The theme team at Automattic handles much more than just building themes, and we work collaboratively on many projects.
However, when creating themes for WordPress.com — designing and developing new themes, or converting an existing GPL theme — we tend to work alone. Occasionally one person will design a theme and another will build it, but in those cases the roles are pretty separate.
We gather feedback at certain points during the work, at the end getting a teammate to thoroughly test the theme and review the code (what we call “breaking”).
Lately we’ve been discussing enhancements that would be helpful to customers who run small businesses. We opted to try them out in a series of theme refreshes we’d been working on.
Because it involved some new approaches, David A. Kennedy suggested we tackle finishing one of the in-progress themes, as a team. That way, we could figure out how to handle these new ideas together, and collaborate on them more easily than we could working on separate themes.
Tackling the Work
We needed to approach this a little differently than a regular theme project.
We used an agile-inspired approach, breaking the work into two one-week sprints. Each sprint had a “captain,” someone to keep things running and clear blockers as they came up.
Within the sprints, we enforced stricter time management than we typically do with themes. With a lot of people involved, it was more important to nail down the scope.
Different team members volunteered to “own” different tasks. This didn’t necessarily mean they had to complete the task themselves, so much as make sure their assigned tasks got done.
For communication, we kept the to-dos and feedback on dedicated posts on our P2-run internal team blog.
We also created a dedicated Slack channel. This isn’t unusual here — Automattic has hundreds! — but it helped keep the conversation focused on the project. Things stayed on topic, and it was much less likely something would be missed in the noise of our busier general team channel.
We each kicked off our work days posting a “stand up” in the Slack channel — what we accomplished the day before, and what we planned to work on that day.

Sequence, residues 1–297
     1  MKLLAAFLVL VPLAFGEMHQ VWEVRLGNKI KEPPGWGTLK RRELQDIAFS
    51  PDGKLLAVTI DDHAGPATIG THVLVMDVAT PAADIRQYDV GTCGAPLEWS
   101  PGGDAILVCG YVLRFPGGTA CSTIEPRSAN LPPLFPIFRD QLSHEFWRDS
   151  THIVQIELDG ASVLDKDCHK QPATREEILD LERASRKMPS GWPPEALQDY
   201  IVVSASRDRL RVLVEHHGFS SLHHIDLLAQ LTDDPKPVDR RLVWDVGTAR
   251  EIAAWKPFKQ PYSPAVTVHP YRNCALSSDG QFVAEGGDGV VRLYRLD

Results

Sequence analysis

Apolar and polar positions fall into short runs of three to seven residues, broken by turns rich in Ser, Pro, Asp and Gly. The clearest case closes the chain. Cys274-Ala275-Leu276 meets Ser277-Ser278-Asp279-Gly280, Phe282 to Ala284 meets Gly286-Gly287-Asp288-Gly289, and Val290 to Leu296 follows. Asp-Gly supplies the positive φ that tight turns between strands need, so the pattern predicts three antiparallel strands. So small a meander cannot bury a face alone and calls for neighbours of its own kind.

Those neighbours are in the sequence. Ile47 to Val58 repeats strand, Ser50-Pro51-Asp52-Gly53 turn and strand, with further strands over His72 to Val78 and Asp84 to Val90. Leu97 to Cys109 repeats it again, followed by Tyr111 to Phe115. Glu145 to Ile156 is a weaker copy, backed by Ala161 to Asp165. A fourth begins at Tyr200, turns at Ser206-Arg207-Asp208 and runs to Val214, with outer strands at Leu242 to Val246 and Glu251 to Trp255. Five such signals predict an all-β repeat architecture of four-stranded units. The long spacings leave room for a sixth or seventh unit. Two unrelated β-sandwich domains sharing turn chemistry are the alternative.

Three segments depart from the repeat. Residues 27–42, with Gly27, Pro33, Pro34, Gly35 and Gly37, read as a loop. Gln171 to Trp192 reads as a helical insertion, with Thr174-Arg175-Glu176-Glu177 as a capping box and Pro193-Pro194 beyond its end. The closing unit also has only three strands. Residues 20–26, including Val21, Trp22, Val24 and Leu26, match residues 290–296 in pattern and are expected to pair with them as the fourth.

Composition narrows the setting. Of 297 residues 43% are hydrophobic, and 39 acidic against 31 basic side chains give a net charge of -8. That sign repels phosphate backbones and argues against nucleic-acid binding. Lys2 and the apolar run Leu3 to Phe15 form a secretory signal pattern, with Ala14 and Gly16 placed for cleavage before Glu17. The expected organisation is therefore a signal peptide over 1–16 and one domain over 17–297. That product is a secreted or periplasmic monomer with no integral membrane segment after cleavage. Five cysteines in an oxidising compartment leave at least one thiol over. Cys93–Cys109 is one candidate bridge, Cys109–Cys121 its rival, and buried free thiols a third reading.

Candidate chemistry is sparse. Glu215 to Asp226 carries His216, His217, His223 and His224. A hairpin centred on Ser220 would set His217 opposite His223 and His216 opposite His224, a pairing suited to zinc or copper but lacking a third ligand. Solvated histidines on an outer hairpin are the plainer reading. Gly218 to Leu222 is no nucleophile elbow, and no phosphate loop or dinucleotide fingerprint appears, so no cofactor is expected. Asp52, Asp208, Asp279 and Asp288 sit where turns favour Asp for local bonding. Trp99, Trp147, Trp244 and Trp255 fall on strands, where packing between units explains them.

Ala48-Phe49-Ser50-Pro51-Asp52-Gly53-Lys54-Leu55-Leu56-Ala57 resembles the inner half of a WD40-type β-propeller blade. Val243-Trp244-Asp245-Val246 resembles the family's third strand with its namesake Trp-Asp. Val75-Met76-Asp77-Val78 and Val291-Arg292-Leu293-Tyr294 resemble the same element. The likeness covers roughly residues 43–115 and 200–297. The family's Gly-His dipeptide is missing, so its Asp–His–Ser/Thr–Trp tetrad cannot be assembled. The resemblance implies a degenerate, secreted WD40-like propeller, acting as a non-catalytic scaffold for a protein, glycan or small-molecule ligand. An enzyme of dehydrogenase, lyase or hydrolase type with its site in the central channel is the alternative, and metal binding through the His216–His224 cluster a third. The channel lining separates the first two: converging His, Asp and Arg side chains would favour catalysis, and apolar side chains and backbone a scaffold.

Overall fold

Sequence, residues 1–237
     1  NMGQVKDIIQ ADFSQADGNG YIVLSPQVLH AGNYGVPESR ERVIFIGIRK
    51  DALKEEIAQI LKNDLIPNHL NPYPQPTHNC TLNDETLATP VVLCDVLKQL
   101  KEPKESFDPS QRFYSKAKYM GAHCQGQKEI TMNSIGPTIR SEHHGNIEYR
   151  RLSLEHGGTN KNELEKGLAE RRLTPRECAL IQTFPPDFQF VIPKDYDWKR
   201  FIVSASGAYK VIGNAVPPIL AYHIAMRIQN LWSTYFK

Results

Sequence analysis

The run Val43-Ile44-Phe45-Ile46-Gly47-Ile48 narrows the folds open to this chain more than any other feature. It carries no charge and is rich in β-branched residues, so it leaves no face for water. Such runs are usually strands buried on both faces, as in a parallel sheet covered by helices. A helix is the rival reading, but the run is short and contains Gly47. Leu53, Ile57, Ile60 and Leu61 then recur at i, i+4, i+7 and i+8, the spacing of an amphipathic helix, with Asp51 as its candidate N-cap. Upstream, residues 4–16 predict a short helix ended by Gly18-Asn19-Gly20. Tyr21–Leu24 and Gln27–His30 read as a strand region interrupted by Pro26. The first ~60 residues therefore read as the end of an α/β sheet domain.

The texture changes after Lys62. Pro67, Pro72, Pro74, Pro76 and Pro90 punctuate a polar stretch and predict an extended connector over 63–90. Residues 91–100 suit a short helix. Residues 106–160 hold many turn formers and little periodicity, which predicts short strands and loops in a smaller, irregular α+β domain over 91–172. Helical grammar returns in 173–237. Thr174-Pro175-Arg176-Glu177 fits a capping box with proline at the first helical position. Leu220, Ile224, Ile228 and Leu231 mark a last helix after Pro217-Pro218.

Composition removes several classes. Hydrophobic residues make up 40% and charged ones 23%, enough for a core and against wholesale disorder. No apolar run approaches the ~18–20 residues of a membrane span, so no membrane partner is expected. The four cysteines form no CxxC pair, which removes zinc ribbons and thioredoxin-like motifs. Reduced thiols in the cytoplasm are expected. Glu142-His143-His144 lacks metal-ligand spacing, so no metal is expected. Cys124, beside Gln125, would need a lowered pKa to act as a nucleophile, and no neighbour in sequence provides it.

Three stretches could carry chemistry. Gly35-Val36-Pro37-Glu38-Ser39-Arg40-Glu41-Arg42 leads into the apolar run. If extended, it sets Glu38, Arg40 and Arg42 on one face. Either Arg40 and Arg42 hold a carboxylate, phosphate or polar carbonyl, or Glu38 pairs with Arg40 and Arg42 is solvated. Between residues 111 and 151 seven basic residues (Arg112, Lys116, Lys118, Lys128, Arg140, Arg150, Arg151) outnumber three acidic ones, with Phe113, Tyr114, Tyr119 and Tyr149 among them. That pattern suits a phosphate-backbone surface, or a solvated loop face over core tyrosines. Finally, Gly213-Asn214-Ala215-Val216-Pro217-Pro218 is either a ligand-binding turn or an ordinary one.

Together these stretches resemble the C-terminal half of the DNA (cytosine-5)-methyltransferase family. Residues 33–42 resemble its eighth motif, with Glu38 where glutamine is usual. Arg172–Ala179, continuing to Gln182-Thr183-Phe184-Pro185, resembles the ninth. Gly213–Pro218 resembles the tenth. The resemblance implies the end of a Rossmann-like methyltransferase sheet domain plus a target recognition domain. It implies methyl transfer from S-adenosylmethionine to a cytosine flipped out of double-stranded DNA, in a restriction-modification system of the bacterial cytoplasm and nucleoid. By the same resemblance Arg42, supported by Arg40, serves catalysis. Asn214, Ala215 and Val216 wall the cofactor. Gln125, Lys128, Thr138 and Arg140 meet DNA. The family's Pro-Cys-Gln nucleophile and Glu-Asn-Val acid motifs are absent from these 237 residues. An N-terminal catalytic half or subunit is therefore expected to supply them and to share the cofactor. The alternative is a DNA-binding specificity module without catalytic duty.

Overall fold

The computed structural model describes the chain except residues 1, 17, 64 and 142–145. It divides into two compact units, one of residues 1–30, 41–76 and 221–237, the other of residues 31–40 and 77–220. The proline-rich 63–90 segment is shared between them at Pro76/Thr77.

We didn’t clash too much while working on so few files, but we have an odd advantage: our team spreads over several time zones, with up to a 20-hour time difference between some folks. This made code conflicts less likely, but made the communication part all the more important.
During standard theme development, it’s not unusual to post points for discussion, to make sure we’re on the right track and get feedback. But these things are usually very specific things someone is stuck on — we don’t generally discuss the minutiae of a theme.
When working collaboratively, everything was up for discussion, and because we all felt we “owned” the theme. Working together also fostered the environment of sharing — we weren’t just breaking out of our individual theme bubbles to ask for help, the project belonged to all of us.
Sharing the Load
On the theme team, we all build themes, but we each have our own strengths. The process, as we approach it, has a lot of steps: UX, design, development, user testing, and writing the documentation and announcement post.
Working as a team allowed us to distribute those tasks, and let people play to their strengths.
It also allowed us to collaborate on single tasks, and to try out something new and get help from a team member with more experience when needed.
At this time, we’re still mid-sprint. I expected this approach to be productive and result in a solid theme, but it was also a lot of fun! I was reminded yet again what a talented team I work with, and how enjoyable it is to collaborate with them. It was also a good reminder to shake things up from time to time, and don’t get stuck on one way of doing things.
We plan on trying this again. We learned a lot from our first attempt working together on a theme, and will continue to experiment with new ways to improve the process as we go along.
How did the theme turn out? You’ll see in a few weeks 🙂